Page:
Root depth and breadth
December 15, 2011 4:03 PM   Subscribe

I want to know how deep and how wide the roots of various plants will normally grow. Trees, gourd vines, wheat, clover, tomatoes, garlic, cilantro, marigolds, everything. I want to make sure my raised beds are high enough and also want to prevent plants from choking each other out.
posted by gray17 to Home & Garden (4 answers total) 7 users marked this as a favorite

This is all I've found so far.
posted by gray17 at 4:05 PM on December 15, 2011

It varies widely. Some annuals have the merest wisp of a root system which dies out quickly at the end of the season, leaving nary a trace by the next spring. Tubers don't really get much of one either, but they've got this huge honking bulb at the bottom which does send out roots somewhat. Then there's things like deciduous trees, which can have a root system that's actually almost as extensive underground as the tree is above ground. A lot of shrubs work that way too. Some plants have roots that run quite a distance over the surface but don't go all that deep, while things like dandelions don't spread at all but have a huge amount of depth. There's even plants that don't spread by seeds nearly as much as they do by just sending out shoots and starting "new" plants that way, i.e. an entire bed full of something like pachysandra or periwinkle may only consist of a half-dozen individual "plants". Then there's some plants, like wheat and corn, that really won't grow well on their own and need to be planted in close proximity to other plants. And mint just infests everything, to the point that a lot of people actually plant it inside buried PVC pipes to prevent it from taking over the entire garden in a year or three.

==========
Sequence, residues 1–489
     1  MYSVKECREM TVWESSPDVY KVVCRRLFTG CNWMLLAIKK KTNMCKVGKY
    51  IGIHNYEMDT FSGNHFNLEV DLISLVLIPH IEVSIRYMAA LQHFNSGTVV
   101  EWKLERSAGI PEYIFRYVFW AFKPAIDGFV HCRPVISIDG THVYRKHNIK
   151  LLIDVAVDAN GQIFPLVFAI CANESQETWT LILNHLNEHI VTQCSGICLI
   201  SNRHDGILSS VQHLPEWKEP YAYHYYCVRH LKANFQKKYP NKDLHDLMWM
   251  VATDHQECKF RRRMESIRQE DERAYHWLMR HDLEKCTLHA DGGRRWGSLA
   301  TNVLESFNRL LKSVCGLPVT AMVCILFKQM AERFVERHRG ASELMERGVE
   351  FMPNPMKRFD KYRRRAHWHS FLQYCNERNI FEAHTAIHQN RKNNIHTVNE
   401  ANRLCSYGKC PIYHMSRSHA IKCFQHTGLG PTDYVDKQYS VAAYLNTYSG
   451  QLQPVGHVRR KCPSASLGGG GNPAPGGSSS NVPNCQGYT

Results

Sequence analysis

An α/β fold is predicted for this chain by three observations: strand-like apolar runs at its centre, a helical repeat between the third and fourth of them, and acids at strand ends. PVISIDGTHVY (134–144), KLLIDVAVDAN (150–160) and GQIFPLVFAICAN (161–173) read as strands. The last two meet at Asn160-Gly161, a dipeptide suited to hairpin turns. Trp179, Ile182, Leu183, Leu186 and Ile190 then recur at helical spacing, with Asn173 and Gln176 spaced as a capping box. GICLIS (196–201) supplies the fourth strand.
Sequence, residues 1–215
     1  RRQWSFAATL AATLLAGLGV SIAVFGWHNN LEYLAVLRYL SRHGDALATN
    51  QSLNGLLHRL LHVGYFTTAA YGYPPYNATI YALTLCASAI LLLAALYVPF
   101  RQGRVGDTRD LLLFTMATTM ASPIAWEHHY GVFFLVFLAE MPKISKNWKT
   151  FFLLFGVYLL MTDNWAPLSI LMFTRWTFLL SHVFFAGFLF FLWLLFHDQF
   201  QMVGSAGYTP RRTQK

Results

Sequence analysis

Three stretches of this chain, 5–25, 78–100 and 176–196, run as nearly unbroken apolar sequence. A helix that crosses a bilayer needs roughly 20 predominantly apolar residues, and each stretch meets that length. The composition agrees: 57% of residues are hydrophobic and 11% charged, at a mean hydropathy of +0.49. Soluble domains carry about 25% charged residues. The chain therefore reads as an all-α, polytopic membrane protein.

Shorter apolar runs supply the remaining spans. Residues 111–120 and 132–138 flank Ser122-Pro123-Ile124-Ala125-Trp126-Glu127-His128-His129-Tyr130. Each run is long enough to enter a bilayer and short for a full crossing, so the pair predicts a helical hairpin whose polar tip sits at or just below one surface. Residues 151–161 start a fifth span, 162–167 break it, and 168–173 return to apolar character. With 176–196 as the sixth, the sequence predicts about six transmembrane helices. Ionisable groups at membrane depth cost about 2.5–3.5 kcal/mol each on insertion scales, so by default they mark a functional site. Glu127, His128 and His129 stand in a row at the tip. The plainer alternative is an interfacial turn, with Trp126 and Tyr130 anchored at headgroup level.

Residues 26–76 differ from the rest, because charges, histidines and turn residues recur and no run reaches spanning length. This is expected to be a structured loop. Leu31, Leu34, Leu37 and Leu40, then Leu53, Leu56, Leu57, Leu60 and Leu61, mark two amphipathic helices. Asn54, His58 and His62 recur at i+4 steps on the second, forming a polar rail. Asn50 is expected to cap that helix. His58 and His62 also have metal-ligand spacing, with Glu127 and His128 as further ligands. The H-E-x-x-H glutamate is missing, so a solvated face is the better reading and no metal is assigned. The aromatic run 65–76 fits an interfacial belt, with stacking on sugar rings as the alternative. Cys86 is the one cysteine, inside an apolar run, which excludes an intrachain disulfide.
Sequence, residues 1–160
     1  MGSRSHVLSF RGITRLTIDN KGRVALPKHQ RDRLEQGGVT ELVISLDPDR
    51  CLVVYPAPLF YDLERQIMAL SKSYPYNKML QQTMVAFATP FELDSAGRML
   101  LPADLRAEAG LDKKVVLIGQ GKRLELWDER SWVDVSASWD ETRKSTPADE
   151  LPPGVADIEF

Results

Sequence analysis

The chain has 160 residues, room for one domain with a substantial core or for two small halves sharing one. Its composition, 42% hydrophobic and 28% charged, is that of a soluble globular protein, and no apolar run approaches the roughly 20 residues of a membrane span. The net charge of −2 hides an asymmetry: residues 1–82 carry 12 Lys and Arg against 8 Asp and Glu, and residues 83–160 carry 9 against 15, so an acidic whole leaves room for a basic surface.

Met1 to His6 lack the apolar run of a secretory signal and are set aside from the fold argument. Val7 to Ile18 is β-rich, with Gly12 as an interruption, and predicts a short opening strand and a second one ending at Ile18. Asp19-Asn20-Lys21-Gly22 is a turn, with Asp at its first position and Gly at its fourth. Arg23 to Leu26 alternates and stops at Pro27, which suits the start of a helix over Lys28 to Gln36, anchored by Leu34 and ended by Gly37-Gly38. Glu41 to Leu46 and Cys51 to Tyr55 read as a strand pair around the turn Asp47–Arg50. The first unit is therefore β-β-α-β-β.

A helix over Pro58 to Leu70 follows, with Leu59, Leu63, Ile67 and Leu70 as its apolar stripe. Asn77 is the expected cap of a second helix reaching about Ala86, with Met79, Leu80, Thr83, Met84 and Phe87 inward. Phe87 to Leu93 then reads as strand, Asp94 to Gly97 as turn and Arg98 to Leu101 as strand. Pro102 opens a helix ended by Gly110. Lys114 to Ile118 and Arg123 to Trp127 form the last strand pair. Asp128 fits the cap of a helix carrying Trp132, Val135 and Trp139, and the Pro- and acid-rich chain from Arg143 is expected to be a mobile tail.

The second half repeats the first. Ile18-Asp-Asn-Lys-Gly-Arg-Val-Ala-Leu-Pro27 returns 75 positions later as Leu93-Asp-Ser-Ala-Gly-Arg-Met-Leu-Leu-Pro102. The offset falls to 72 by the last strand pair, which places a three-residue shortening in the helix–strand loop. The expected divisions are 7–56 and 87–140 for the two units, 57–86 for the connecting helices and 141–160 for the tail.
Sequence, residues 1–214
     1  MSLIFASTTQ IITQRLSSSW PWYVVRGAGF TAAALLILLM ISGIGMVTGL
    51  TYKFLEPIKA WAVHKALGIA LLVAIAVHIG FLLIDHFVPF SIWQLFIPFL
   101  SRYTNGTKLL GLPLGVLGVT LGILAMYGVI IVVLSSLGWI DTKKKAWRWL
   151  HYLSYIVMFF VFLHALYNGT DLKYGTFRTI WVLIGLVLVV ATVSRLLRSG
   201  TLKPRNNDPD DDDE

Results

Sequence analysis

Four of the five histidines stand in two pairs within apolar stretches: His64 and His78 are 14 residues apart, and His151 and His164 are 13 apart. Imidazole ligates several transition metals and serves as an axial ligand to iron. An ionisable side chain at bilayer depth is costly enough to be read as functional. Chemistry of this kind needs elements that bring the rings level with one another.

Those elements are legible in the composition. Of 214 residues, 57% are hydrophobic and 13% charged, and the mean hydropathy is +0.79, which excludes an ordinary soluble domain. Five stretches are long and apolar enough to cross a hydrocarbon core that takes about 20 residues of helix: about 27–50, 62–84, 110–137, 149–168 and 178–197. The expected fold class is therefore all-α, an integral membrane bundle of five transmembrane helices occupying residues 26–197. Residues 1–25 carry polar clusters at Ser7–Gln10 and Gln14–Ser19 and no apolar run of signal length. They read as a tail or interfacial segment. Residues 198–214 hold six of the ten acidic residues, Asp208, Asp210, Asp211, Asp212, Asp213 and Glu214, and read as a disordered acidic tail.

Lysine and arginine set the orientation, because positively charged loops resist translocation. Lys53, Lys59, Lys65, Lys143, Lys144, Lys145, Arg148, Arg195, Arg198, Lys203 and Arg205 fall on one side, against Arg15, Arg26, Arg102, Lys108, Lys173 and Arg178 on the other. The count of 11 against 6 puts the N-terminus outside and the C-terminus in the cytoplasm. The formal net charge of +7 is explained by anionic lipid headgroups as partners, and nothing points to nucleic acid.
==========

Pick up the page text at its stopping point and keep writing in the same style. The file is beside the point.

Really, you need to look up each plant you're interested in cultivating, as it's going to vary so much that I don't think anyone has produced a table of sorts.
posted by valkyryn at 4:30 PM on December 15, 2011

Vegetable root depth [PDF]
posted by unliteral at 5:33 PM on December 15, 2011 [3 favorites]

Steve Solomon's excellent Gardening When it Counts contains illustrations of the root systems of many common garden vegetables, with information on required soil depth and spacing.
posted by ryanshepard at 7:28 PM on December 15, 2011 [1 favorite]

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